Posted by: cherylyoung | January 28, 2012

Whalewatching is quite the norm on Vancouver Island

  There’s no seagoing experience quite like watching,


 close-up, a sleek whale weighing thousands of pounds

 frolic  like a child  in it’s natural habitat.


Up and down the coast of British Columbia,

 from Victoria  to Port Hardy on Vancouver Island,

 from Vancouver  to the BC Gulf Islands, and up to

 Haida Gwaii (Queen Charlotte Islands), Orcas

 (killer whales), Gray whales   and  Humpback whales

 ply the waves and perform their watery rituals.

 Whalewatching at its best!


Whatever else you do in British Columbia, don’t miss the

 whale watching boat – you’ll have a tale of a whale to tell

Orcas (Killer whales)


B.C’s killer whale population is divided  into 2

distinct groups which, curiously, never mingle.


 Residents travel in large pods  within predictable

 ranges  and feed primarily on fish.


 Transients roam in smaller groups over large areas

 of the coast,  feeding on marine mammals such

 as seals, sea lions  and other whales.


The resident orca population is divided into

 2 communities,  each with its own geographical range.



 The ocean around Victoria is home to the southern

 resident  community of 3 pods totalling 100

magnificent animals.

 The northern residents total 217 whales in 16 pods

 which  patrol the Johnstone Strait, the waters of

 northern Vancouver  Island and the mainland coast.


The transient killer whales comprise 30 small pods

 of about  160 whales and travel much further than

 the resident pods.


 Best viewing from May to October.


Pacific Gray whales migrate north along the west

 coast of the  island during March and April.


 They are easily accessible by boat or can be

viewed from mounted telescopes in the Long

 beach area

Over 20,000 Gray whales participate in the longest

 migration of any animal, some stop to feed and

 rest in our protected bays, while 40 to 50 grays will

spend their summers feeding off Vancouver Island.


Humpback whales will thrill you to the north of

Vancouver Island,at the outer edges of the Inside

 Passage, with their  acrobatic  behaviour and

 elaborate underwater song.


 Treasure lifetime memories of these magnificent

 whales  breaching within metres of your boat.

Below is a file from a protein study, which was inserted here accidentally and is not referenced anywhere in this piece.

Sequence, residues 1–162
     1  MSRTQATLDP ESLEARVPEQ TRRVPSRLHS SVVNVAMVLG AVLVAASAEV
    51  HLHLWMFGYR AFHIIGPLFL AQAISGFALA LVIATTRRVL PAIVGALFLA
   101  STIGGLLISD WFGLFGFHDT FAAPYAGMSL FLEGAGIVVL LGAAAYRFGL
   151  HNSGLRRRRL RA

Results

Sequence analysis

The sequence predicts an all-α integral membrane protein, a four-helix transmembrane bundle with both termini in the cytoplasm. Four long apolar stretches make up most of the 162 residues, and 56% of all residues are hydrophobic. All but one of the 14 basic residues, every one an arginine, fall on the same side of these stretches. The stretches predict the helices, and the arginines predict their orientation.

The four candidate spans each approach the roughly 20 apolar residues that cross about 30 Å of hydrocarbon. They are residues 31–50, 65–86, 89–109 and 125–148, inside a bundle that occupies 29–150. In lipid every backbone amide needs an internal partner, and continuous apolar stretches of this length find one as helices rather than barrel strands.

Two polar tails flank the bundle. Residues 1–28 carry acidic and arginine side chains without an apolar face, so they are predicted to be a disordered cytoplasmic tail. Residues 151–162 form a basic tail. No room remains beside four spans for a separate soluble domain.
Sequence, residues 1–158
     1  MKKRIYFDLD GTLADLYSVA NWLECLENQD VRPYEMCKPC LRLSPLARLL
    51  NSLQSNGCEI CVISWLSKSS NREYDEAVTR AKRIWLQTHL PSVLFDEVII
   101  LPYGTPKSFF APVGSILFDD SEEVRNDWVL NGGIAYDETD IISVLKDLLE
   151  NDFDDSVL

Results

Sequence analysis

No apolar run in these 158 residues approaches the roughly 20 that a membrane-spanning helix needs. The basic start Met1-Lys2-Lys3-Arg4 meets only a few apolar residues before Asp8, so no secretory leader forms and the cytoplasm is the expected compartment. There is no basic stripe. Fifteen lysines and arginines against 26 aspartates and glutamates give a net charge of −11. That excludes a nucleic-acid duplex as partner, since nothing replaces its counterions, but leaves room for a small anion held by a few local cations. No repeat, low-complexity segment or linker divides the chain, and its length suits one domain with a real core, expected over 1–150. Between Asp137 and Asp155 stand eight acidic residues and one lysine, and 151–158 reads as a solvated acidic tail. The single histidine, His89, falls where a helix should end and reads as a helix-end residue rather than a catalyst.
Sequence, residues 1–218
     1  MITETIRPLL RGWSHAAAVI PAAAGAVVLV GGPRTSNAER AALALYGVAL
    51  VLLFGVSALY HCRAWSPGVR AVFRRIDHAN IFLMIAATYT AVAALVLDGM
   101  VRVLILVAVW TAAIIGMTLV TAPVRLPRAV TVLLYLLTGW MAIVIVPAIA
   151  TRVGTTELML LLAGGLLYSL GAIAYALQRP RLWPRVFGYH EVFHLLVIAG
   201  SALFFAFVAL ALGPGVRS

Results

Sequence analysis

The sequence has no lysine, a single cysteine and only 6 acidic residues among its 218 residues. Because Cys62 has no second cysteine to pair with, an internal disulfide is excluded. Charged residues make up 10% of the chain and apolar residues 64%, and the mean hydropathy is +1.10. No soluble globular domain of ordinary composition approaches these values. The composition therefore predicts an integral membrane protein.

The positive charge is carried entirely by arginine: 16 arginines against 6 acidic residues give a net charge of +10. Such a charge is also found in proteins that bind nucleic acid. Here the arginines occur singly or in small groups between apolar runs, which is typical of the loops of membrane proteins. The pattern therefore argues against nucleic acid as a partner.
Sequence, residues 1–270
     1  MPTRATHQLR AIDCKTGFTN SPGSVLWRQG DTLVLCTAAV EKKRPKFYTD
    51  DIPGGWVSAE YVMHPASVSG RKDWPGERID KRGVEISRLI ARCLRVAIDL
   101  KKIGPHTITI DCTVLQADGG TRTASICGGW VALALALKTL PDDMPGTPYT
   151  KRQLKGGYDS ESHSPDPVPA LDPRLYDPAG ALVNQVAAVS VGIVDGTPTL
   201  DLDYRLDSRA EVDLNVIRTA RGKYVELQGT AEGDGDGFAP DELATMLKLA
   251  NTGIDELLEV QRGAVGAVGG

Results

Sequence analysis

Minke whales, Pacific White-sided dolphins,

 Harbour porpoises, Dall’s porpoises, Harbour seals

 and Steller‘s sea lions are also  viewed in the waters

around Vancouver Island.



Pacific Rim Whale Festival


Whale Watching Guidelines Types of Whales, Wildlife

 and Scenery


Think dramatic, windswept shores, endless miles of

 sandy beaches, islands, hidden coves and

 swirling currents.


And of course, there are many types of whales in

 British Columbia, such as Orca, gray, Minke and



 Thousands of whales migrate along the BC coastline

 en routeto Alaska or back to Mexico. Pods of Orcas

(killer whales)  reside in southern Vancouver Island’s

protected,  marine-life-rich coastal waters.


Also be on the lookout for porpoises, seals, sea lions,

 seabirds and more.


 On many guided tours, onboard naturalists and

 marine biologists explain these fascinating marine



Whale-watching near Vancouver and Victoria.


There’s not too many places in the world where it’s

 possible to walk to the downtown harbour of a

 capital city, don a marine suit, board a high-speed

zodiac and be sightingwhales within minutes.


This is the case in Victoria, and whale watching is

 just a short, convenient launch from Vancouver, too.


Feeding grounds are located close by BC’s two

 major cities.


Whale Watching on Vancouver Island and in

 Northern BC


BC boasts hundreds of kilometres/miles of remote inlets

 and a craggy coastline, particularly along Vancouver

 Island and in Northern BC.


Whale-watching operators head to secluded spots

where whales thrive, but are much too remote and

 harsh for human settlement.











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